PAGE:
WASHINGTON – Georgia’s two U.S. senators are under increasing pressure from local manufacturing groups to reject President Donald Trump’s nominee to run the Export-Import Bank, a debate that’s pitting the state’s powerful business community against the more populist elements of the president’s agenda.
Business groups such as the U.S. Chamber of Congress and National Association of Manufacturers, as well as some of their local affiliates, are on the warpath against former U.S. Rep. Scott Garrett, the administration’s pick to lead the bank. As a New Jersey congressman, Garrett beat the drum against renewing Ex-Im’s charter.
Some are viewing Perdue, a member of the Senate committee that’s vetting Garrett on Wednesday, as a possible swing vote.
The Georgia Association of Manufacturers wrote to Perdue last week urging him to reject Garrett “given his longstanding hostility to (the bank’s) mission and his past actions to try to eliminate the agency.”
“Georgia manufacturers are rightfully concerned that he will now empower the agency to achieve its full capability but will instead hobble it,” the group wrote.
Once an obscure government-owned entity, Ex-Im has become an embodiment of the GOP’s larger tug of war between pro-business and populist interests. Supporters see the bank, which provides loan guarantees to U.S. companies selling good abroad, as an important economic driver for U.S. exporters in a competitive global market. Opponents say it amounts to little more than corporate welfare, since big corporations such as Boeing and GE benefit.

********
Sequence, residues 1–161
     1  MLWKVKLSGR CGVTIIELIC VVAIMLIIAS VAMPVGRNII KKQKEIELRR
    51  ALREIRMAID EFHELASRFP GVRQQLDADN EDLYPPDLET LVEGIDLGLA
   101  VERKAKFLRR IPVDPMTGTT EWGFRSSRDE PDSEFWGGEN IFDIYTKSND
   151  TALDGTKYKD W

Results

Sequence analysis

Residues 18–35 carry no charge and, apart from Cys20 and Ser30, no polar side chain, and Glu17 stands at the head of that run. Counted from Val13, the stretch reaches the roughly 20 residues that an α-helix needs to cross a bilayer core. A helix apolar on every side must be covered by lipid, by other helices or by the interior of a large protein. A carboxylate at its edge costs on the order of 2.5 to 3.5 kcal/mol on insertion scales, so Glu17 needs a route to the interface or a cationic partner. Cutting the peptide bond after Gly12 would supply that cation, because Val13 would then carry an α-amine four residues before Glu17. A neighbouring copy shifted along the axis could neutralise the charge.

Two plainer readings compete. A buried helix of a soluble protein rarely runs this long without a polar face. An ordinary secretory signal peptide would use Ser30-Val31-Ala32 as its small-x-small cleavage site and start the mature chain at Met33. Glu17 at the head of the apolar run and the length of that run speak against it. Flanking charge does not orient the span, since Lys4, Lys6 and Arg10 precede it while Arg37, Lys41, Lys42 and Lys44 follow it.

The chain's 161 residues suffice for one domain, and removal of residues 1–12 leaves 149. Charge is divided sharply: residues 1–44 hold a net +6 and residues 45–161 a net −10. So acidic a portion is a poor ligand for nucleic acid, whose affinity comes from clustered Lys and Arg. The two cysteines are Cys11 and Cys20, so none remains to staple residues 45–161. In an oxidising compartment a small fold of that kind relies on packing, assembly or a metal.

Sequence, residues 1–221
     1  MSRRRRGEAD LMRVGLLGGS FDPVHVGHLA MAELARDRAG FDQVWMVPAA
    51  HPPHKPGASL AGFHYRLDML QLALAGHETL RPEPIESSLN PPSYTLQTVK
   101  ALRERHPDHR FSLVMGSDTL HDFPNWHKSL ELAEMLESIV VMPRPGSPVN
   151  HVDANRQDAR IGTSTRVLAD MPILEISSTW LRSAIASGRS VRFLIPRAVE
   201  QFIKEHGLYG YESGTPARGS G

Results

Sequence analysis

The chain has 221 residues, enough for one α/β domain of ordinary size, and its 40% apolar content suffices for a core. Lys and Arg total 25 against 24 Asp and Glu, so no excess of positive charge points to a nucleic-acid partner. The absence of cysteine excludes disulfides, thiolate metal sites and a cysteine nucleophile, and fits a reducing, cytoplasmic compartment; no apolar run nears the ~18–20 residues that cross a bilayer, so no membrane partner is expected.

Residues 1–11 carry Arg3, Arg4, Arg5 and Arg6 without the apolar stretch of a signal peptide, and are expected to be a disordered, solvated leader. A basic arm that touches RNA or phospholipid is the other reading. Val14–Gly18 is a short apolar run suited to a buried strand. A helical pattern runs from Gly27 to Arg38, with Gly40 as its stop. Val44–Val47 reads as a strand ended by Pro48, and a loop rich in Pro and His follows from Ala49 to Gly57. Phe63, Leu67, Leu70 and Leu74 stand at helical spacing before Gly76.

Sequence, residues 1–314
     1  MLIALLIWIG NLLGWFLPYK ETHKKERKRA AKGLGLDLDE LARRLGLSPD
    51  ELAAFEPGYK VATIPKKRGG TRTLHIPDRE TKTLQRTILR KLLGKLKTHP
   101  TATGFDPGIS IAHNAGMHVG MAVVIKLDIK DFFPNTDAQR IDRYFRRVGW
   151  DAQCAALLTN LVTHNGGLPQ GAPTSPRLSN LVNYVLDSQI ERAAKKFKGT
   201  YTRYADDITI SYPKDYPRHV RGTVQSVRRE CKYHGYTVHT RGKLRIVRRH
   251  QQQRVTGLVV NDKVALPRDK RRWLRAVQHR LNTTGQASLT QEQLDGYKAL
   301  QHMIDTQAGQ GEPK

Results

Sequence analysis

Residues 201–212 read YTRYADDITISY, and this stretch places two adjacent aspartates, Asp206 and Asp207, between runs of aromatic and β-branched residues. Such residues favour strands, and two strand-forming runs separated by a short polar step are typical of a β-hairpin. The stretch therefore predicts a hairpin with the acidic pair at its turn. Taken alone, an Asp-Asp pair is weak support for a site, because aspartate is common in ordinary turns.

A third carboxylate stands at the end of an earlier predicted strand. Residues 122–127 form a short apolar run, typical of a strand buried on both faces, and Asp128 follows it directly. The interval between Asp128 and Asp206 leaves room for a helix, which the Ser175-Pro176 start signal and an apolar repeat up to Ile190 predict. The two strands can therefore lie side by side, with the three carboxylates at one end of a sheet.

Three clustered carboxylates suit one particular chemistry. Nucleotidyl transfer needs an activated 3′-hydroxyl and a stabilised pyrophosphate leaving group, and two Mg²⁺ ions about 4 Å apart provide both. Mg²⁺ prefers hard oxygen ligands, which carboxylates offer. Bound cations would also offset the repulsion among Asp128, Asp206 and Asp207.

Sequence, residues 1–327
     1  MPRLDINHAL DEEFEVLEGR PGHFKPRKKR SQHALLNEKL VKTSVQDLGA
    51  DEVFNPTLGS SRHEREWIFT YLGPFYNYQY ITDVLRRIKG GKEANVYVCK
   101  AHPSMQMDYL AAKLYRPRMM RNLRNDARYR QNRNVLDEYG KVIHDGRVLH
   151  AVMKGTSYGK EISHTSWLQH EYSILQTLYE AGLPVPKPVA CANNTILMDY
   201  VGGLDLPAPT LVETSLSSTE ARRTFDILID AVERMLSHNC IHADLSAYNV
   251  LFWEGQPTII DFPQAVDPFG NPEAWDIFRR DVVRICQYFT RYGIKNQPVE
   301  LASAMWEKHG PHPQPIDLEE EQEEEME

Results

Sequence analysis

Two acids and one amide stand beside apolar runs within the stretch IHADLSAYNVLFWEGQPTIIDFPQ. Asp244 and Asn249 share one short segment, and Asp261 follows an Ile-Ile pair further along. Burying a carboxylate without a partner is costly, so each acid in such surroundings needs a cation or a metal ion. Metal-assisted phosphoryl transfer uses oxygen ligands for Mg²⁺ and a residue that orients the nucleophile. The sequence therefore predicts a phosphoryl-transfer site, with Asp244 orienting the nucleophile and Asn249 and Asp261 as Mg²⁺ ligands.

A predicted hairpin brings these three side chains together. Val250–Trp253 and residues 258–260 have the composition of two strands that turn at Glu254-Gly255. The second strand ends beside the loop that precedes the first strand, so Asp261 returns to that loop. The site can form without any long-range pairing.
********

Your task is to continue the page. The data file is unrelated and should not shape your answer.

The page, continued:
Boosters of Ex-Im say it supports some $4.7 billion in export sales from more than 200 Georgia companies, supporting nearly 30,000 jobs. Meanwhile, conservative groups such as Club For Growth and Heritage Action are holding up Garrett’s nomination as a litmus test for GOP lawmakers’ Trump-era commitment to “draining the swamp.”
Previous fights over the bank’s charter have split the state’s Republican lawmakers, as well as two of Georgia’s largest aviation companies, Delta and Gulfstream. Now the debate returns to the Senate, where members haven’t had to weigh in directly in years.
Isakson previously voted to save the bank in exchange for some reforms. (He’s still reviewing Garrett’s nomination, a spokeswoman said.) Perdue has kept his cards a little closer to the vest.
He voted against reauthorizing Ex-Im last time on procedural grounds since it had been coupled with the highway bill. A former Fortune 500 CEO who headed corporations that relied heavily on trading goods, Perdue said he understood “the need for increasing trade and expanding American exports into emerging markets,” but he also cited deep concerns with the bank’s structure and taxpayers assuming financial risk.
Which brings us back to today. Perdue hasn’t said how he’s going to vote on Garrett, who in recent days has softened his rhetoric on the bank amid GOP criticism.
A spokeswoman said that Perdue is “reviewing all of President Trump’s nominees for the Export-Import Bank Board” but would not elaborate further.
Perdue has been one of Trump’s most steadfast Senate allies, and he’s been particularly deferential when it comes to the president’s nominees. With other Republican allies, including South Carolina’s Tim Scott, indicating they could go against Garrett, it’s unclear how Perdue will cast his vote.